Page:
Polylactic acid (PLA) holds enormous potential as an alternative to the ubiquitous petroleum-based plastics to be used in packaging film and agricultural film. However, the poor viscoelastic behavior and its extremely low melt strength means it fails to meet the requirements in film [...] Read more.
Polylactic acid (PLA) holds enormous potential as an alternative to the ubiquitous petroleum-based plastics to be used in packaging film and agricultural film. However, the poor viscoelastic behavior and its extremely low melt strength means it fails to meet the requirements in film blowing processing, which is the most efficient film processing method with the lowest costs. Also, the PLA’s brittleness and insufficient gas barrier properties also seriously limit PLA’s potential application as a common film material. Herein, special stereocomplex (SC) networks were introduced to improve the melt strength and film blowing stability of PLA; polyethylene glycol (PEG) was introduced to improve PLA’s toughness and gas barrier properties. Compared with neat poly(l-lactide) acid (PLLA), modified PLA is stable in the film blowing process and its film elongation at break increases more than 18 times and reaches over 250%, and its O2 permeability coefficient decreased by 61%. The resulting film material also has good light transmittance, which has great potential for green packaging applications, such as disposable packaging and agricultural films. Full article
(This article belongs to the Special Issue Packaging and Polymers: The New Generation)
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18 pages, 7766 KiB  
Article
Improvement of Transparencies and Mechanical Properties of Poly(cyclohexylene dimethylene cyclohexanedicarboxylate) Parts Using a Compounding Nucleating Agent to Control Crystallization
by Bei Su and Ying-Guo Zhou
Materials 2019, 12(4), 563; https://doi.org/10.3390/ma12040563 - 14 Feb 2019
Cited by 10 | Viewed by 2765
Abstract
Poly(cyclohexylene dimethylene cyclohexanedicarboxylate) (PCCE) is a kind of copolyester polymer with excellent toughness and outstanding flexibility. However, the opacity caused by crystallization limits the widespread application of PCCE in products that have transparency requirements. The effects of 1,3:2,4-Di-p-methylbenzylidene sorbitol (MDBS) on the crystallization [...] Read more.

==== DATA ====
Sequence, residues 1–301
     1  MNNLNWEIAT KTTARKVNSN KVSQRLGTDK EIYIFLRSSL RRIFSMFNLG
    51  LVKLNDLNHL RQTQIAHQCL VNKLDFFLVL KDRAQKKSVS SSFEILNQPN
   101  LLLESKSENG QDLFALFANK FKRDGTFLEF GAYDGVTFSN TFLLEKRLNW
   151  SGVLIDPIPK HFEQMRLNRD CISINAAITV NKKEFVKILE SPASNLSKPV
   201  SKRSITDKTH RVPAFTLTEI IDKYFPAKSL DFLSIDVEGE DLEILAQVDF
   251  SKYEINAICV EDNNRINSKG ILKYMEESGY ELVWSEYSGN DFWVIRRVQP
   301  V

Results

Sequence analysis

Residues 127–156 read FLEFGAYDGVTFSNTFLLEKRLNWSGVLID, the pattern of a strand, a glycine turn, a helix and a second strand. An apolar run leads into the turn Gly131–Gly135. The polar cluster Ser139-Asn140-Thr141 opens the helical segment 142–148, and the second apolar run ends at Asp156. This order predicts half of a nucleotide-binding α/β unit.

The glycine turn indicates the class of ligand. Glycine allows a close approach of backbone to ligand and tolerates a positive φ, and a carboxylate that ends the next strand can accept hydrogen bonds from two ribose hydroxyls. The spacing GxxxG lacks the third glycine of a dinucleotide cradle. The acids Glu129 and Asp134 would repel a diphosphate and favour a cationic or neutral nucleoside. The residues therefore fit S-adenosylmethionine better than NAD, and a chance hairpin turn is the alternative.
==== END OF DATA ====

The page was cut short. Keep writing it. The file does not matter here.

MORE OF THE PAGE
Poly(cyclohexylene dimethylene cyclohexanedicarboxylate) (PCCE) is a kind of copolyester polymer with excellent toughness and outstanding flexibility. However, the opacity caused by crystallization limits the widespread application of PCCE in products that have transparency requirements. The effects of 1,3:2,4-Di-p-methylbenzylidene sorbitol (MDBS) on the crystallization behavior, transparency, and mechanical properties of a PCCE melt were investigated via differential scanning calorimetry (DSC), spectrophotometry, and tensile testing. The results suggest that the transparency and mechanical properties of PCCE drastically improve and that its crystallization behaviors are obviously influenced by the addition of MDBS. PCCE with 0.6 wt% MDBS was then selected as a representative sample, and its thermal behavior and crystal morphology were further investigated by DSC, hot-staged polarizing microscopy (HSPLM), and scanning electron microscopy (SEM). The quantitative results suggest that, compared to neat PCCE resin, PCCE/MDBS has a lower isothermal and nonisothermal crystallization activation energy, which indicates a rapid crystallization process. The results also show that, compared to the pure PCCE melt, the PCCE/MDBS melt experiences a greater increase in the number of crystals and a greater decrease in the crystal size during cooling. The acceleration of the crystallization process and reduction in crystal size can be both attributed to the nucleation effect of the MDBS. In conclusion, because the addition of the nucleating agent improves the transparency and tensile properties of PCCE by adjusting and controlling its thermal and crystallization behaviors, the proposed technique of using a compounding nucleating agent to control crystallization is therefore suitable for PCCE. Full article
(This article belongs to the Special Issue Packaging and Polymers: The New Generation)